MAJORS: No audition. Just, “Spike wants to meet you.” I’m living in Harlem at the time. I said, “Spike Lee wants to meet me? Okay. Sure.” And sure enough, he called said, “Mr. Majors.” And I said, “Mr. Lee.” He said, “Call me Spike.” I said, “Cool.” He said, “Come down to the office.” I said, “Okay.” He said, “Tonight.” I hopped on my bike, I rode down, and we just chatted for a bit. He showed me some stuff he was working on. He plays this video, and me being me, I just start crying watching this thing. It’s about the border wall, and it’s backtracked by a Red Hot Chili Peppers song. He looks over at me and goes, “You like that, huh?” And I go, “Yeah, it’s alright.” And then we step outside, and it’s on. He says, “This is who you’re playing. Do you have a passport? Read this book.” I read the book. It’s called Blood. Before I left, he showed me the scouting book, all the places we were going to shoot, and then he said, “You know Delroy Lindo?” I said, “Yes, sir, I do.” He said, “That’s your dad.” I said, “Okay.” He said, “You got the script?” I said, “Not the recent one.” He said, “I’m going to send you the other one.” I read it, texted him back that next morning, and that was that. Then when we got there, and it was straight-up rock and roll. There were no sound stages. There was none of that shit. We were in the elements, climbing up the mountain, sweating, fighting mosquitoes. That type of energy, I did not expect off the top. I thought, “It’s going to be political. It’s going to be sad.” I didn’t think it was going to be so visceral.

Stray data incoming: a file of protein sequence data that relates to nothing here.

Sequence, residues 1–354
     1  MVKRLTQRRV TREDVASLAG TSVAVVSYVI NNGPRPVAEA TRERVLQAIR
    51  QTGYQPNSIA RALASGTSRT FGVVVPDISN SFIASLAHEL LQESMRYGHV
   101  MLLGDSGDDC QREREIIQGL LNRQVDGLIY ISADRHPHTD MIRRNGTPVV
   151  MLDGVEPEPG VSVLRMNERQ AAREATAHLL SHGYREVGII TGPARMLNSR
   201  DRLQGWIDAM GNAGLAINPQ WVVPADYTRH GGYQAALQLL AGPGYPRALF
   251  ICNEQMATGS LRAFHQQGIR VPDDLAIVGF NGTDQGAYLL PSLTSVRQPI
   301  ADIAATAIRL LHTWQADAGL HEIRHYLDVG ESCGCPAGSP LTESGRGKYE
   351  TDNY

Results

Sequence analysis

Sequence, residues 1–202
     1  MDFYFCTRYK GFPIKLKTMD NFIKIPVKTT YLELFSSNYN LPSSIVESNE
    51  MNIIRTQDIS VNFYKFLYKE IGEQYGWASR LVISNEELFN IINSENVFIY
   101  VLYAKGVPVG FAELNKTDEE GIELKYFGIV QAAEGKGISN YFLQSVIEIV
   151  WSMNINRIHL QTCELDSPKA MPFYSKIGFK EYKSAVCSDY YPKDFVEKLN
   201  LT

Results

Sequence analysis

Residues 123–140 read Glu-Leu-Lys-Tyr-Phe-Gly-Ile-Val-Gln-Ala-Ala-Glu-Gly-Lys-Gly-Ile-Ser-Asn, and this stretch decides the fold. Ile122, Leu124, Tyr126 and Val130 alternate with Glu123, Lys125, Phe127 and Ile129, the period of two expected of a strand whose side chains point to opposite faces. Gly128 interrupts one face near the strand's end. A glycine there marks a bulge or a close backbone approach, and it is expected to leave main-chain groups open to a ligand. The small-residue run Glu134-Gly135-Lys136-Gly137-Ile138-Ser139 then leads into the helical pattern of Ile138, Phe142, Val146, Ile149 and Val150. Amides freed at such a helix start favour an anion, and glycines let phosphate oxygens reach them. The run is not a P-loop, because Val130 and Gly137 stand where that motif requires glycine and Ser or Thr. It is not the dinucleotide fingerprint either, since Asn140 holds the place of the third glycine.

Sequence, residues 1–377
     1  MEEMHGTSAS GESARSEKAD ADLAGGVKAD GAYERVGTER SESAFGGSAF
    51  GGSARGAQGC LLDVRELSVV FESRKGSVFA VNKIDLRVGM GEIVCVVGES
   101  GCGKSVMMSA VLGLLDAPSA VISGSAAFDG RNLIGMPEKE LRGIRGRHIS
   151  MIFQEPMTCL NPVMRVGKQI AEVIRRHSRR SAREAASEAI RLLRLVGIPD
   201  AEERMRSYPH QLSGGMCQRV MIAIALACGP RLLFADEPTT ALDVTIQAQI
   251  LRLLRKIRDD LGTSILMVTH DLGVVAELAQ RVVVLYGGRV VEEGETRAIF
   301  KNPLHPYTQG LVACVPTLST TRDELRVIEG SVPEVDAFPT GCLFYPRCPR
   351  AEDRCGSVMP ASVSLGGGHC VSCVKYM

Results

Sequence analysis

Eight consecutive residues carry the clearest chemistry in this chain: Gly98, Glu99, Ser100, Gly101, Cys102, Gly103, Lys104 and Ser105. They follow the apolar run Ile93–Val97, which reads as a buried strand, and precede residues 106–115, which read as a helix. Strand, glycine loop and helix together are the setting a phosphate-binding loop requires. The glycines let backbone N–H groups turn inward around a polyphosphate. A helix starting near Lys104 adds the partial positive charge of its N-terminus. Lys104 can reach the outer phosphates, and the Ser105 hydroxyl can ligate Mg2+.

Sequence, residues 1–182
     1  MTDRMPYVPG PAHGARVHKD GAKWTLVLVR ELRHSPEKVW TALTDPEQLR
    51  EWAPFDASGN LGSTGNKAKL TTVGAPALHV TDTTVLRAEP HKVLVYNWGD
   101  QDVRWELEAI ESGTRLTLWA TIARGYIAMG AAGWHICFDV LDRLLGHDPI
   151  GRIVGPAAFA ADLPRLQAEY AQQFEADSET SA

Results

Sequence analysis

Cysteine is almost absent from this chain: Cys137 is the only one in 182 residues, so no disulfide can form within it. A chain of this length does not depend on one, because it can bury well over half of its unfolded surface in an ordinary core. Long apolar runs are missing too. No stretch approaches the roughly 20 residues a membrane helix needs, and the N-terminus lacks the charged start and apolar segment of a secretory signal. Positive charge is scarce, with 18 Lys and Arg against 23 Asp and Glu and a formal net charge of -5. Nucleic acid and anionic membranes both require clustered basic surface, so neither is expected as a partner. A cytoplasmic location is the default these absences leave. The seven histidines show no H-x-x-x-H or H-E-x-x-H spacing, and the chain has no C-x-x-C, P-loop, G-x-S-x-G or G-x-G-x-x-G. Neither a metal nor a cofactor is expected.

And now, in our third act, I’m just amazed by the relevance of it, how important it is to tell this story. You don’t sign on to something if you think it’s bullshit. They came around to me to audition for BlacKkKlansman, and I read on it, I prayed on it, and I thought, “I don’t know if this one’s for me.” BlacKkKlansman is extremely relevant and he did damn well with it, but with this one, I said, “As a young black man, I see the relevance and the urgency in this.”
McCONAUGHEY: You saw that early on?
MAJORS: I saw that early on. My father is an Air Force veteran, and my two grandfathers, one fought in World War II, and the other one fought in both the Korean War and in the Vietnam War. That’s in my DNA. And I thought, “Wow, this is in a way my grandfathers’ story.” So for me, there’s a deep attachment to these men and what they’ve done, the black Vietnam war vets.
McCONAUGHEY: In that second act, when you’re there, you show up, and it’s like, “We’re live. We’re not on stage. The weather’s what it is. I gotta stay hydrated. Mosquitoes bite. We’re in this.” You’re tired. You’ve been with the same guys every day for the past two weeks. Everyone’s in the same shit. Do you find that you have to do less acting? It’s like, press record. It’s live!
MAJORS: Shoot the rehearsal! Let’s go! I felt that, and doubled down on it, because I got into the habit the first day of running to set. My character David was a track star at Morehouse. So I’m like, “Okay, that’s information. That’s research. I’m going to run to set, I’m going to run back, I’m going to run to lunch.” And that became a part of it. David has a very high frequency. It’s all about making his dad proud. And I was trying to make Delroy proud, and I was trying to make Spike proud.
MAJORS: “Let me be a part of your legacy. I’m going to earn my spot here.” That’s what I was feeling, and that’s what David’s feeling.